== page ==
With rising government support and consumers embracing electric vehicles, securing the supply of the materials necessary for the EV revolution will remain a top priority for the country.

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Retirement Spending: How Much Do Americans Plan to Spend Annually?

Retirement expenses can vary significantly from person to person. In this graphic, we show the range of expected retirement spending.

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Retirement Spending

Americans’ Expected Annual Retirement Spending

Planning for retirement can be a daunting task. How much money will you need? What will your retirement spending look like?

It varies from person to person, based on factors like your health, outstanding expenses, and desired lifestyle. One helpful trick is to break it down into how much you estimate you’ll spend each year.

In this graphic from Personal Capital, we show the expected annual retirement spending of Americans. It’s the last in a three-part series that explores Americans’ spending and savings.

The Range of Retirement Spending

To determine how much people expect to spend, we used anonymized data from users of Personal Capital’s retirement planning tool. It’s worth noting that these users are proactive regarding financial planning. They also have a median net worth of $829,000 compared to the $122,000 median net worth of the U.S. population overall.

Here is the range of expected annual retirement spending.

Expected Annual Retirement SpendingPercent of People
$10K1.3%
$20K3.3%
$30K7.5%
$40K9.8%
$50K5.2%
$60K12.7%
$70K10.2%
$80K6.4%
$90K9.1%
$100K5.4%
$110K1.5%
$120K9.7%
$130K1.5%
$140K2.8%
$150K2.2%
$160K0.9%
$170K0.4%
$180K2.7%
$190K0.7%
$200K0.8%
$210K0.5%
$220K0.2%
$230K0.1%
$240K1.6%
$250K0.3%
$260K0.2%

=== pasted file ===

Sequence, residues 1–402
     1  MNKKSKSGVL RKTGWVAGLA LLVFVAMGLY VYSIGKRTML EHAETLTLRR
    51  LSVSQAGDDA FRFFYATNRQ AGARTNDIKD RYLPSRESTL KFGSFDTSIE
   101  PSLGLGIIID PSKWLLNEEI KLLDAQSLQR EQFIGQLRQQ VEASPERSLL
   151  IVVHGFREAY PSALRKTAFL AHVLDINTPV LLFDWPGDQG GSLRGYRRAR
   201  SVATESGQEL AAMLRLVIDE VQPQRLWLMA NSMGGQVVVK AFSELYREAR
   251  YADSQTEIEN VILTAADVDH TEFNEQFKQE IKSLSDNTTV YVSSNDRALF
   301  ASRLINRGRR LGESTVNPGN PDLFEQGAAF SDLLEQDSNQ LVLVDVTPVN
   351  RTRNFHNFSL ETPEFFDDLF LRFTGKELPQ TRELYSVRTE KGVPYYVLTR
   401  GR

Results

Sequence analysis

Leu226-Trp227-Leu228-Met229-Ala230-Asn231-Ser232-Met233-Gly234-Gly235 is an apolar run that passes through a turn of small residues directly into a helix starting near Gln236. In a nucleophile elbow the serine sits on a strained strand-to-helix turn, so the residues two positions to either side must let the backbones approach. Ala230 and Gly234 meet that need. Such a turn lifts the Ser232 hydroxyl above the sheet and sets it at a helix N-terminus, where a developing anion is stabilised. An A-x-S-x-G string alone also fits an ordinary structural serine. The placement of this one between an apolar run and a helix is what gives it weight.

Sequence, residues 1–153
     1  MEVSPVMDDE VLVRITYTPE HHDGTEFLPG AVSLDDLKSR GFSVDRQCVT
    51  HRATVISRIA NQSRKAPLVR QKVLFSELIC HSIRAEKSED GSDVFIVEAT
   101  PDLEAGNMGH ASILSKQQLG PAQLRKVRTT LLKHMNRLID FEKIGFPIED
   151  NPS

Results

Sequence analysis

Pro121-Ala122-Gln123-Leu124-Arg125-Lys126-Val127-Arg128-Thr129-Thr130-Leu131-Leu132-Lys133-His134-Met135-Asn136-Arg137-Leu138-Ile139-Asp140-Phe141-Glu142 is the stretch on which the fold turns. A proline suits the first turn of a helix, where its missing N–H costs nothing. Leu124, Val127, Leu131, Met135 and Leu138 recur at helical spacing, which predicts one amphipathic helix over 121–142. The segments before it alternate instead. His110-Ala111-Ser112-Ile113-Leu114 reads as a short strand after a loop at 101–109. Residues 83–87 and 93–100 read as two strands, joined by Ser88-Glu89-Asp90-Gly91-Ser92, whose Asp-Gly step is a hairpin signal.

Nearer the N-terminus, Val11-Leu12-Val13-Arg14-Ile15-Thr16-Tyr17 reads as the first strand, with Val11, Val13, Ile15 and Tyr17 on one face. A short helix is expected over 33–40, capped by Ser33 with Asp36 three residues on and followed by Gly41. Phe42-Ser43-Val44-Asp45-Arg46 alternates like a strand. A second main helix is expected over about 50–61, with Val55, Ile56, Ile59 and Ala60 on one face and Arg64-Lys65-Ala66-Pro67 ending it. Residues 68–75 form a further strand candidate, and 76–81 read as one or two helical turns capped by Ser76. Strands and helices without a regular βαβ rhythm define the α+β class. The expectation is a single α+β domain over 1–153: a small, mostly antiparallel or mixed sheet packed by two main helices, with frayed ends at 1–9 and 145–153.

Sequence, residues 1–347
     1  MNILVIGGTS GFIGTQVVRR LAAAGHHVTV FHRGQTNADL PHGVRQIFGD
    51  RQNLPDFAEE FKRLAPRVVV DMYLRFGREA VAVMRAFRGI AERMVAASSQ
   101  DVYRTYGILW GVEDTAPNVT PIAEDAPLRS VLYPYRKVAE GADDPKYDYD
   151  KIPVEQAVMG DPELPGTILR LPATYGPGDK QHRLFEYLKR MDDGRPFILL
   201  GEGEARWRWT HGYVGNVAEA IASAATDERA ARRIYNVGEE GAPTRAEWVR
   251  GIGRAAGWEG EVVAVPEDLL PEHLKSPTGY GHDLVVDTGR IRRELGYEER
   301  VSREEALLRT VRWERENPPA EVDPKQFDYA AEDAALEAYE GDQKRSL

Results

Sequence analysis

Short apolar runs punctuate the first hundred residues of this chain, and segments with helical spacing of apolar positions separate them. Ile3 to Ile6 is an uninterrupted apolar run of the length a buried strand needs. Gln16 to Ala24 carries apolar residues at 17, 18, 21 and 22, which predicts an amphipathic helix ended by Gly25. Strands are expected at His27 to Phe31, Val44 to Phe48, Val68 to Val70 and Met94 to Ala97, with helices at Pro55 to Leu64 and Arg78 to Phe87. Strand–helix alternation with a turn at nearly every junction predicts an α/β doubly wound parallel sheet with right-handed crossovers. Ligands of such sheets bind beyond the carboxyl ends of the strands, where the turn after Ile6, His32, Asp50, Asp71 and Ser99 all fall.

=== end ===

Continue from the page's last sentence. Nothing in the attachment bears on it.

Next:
$270K0.1%
$280K0.1%
$290K0.1%
$300K0.7%
Over $300K2.1%

Users are a mix of single individuals and people in a relationship. In all cases, expected retirement spending is what the household expects to spend annually.

The most commonly-cited expected spending amount is $60,000. Interestingly, this is roughly in line with what Americans spend annually on their credit cards. This suggests that people may be using their current bills to help gauge their future retirement spending.

Median spending, or the middle value when spending is ordered from lowest to highest, falls at $70,000. However, average spending is a fair amount higher at $100,000. This is because the average is calculated by adding up all the expected retirement spending amounts and dividing by the total number of users. Higher expected spending amounts, some in excess of $300,000 per year, skew the average calculation upwards.

Of course, given their higher net worth, it’s perhaps not surprising that many Personal Capital users expect to spend larger amounts in retirement. How does this compare to the general population? According to the Bureau of Labor Statistics, Americans age 65 and older spend about $48,000 per year on average.

Chances of Retirement Success

Once you’ve determined how much you’ll spend in retirement, your next step may be to wonder if your savings are on track. Based on an assessment of Personal Capital retirement planner users, here is the breakdown of people’s chance of success.

Retirement Spending Chance of Success

The good news: more than half of people have an 80% or better chance of meeting their retirement spending goals. This means they have sufficient financial assets and are contributing enough, regularly enough, to meet their expected spending amount. The not so good news: one in five people has a less than 50% chance of meeting their goals.

This problem is even more troublesome in the overall U.S. population. Only 50% of people have a retirement account, and the Center for Retirement Research at Boston College estimates half of today’s workers are unprepared for retirement.

Setting Your Own Retirement Spending Goals

While seeing the goals of others is a starting point, your annual retirement spending will be very specific to you. Not sure where to start?

Financial planners typically recommend that you should plan on needing 70-80% of your pre-retirement income in retirement. This is because people generally no longer have certain expenses, such as commuting or childcare costs, when they retire. However, keep in mind your expenses could be higher if you still have a mortgage, encounter unforeseen medical expenses, or want to splurge on things like travel when you retire.

It requires some upfront planning, but being realistic about your retirement spending can give you confidence in your financial future.